Farmers are under increasing pressure to protect the environment. Recent research has shown that soils can become saturated with phosphorus (P). When this happens P becomes soluble and can move with rain runoff into streams. Phosphorus concentrations in streams at the parts per billion levels have been shown to increase algae blooms and eutrophication of surface water. Excessive nitrogen applications have also been leading to high nitrates in water sources.
There are solutions to these runoff problems. Extension on-farm workshops demonstrate best management practices to divert clean water and to prevent soil erosion using vegetative cover. The Adapt-N computer program enables more accurate topdressing of nitrogen on field corn. Soil testing at the UConn lab reduces excess fertilizing of field crops. To improve water quality of Connecticut's waters, livestock producers are encouraged to limit nutrient application by soil testing; divert clean water away from manure wastes; and maintain vegetation on fields to prevent erosion and waste runoff. If farms cannot manage their farms without polluting the environment they will be forced out of business, and Connecticut consumers will pay more for food to be imported from out of state.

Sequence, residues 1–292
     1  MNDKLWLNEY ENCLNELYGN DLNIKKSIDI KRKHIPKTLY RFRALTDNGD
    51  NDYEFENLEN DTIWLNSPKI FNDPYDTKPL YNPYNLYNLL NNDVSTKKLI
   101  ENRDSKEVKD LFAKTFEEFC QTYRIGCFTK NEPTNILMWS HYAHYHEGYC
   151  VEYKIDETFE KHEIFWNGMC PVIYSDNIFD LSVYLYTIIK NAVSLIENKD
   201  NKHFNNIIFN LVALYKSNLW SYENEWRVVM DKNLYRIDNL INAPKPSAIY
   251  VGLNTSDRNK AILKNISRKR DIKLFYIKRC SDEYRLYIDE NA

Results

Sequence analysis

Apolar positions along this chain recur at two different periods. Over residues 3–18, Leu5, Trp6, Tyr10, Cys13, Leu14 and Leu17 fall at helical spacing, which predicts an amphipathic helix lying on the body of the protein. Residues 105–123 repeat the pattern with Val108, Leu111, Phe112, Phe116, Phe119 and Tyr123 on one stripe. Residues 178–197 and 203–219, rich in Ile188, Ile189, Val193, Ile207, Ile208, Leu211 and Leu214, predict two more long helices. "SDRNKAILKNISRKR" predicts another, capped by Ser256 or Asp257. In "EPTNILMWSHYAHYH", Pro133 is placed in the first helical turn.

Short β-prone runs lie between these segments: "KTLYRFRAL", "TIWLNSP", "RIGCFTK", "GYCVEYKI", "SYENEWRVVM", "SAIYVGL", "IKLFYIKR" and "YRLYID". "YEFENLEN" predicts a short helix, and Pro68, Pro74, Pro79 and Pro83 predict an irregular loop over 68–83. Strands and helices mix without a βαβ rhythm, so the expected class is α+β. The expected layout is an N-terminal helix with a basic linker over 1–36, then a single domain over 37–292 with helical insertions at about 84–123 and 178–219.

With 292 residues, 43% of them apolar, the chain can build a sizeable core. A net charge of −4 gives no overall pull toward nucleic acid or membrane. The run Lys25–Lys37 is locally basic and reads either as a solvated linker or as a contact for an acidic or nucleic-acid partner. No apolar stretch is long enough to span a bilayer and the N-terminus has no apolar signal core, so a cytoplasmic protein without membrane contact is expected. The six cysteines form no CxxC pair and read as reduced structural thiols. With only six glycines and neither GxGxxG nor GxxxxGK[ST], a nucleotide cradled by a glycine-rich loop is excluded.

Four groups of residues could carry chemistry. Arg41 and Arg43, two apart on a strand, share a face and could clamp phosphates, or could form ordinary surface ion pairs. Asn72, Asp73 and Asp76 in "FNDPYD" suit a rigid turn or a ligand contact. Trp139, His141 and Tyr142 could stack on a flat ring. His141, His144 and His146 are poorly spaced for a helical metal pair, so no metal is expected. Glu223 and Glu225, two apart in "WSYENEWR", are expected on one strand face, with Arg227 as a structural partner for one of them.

Sustainable Dairy, Meat, and Fiber Production
Dairy and livestock producers need to increase sustainability by using high quality forages and low grain diets. UConn Extension provides rotational grazing and pasture management information to dairy and livestock farmers as well as agricultural service providers.
Many landowners are interested in raising livestock for direct marketing of meat, dairy, and fiber products. Dairy farms are investing in alternative marketing routes, and purchasing processing equipment. UConn Extension's programs identify best management practices to create a profitable dairy or livestock enterprise.
UConn Extension connects the power of UConn research to local issues by creating practical, science-based answers to complex problems. Extension provides scientific knowledge and expertise to the public in areas such as: economic viability, business and industry, community development, agriculture and natural resources. Agriculture in Connecticut is a diverse $3.5 billion industry. UConn Extension provides relevant and timely resources to address the complex issues of this industry for food producers, stakeholders and others who need information.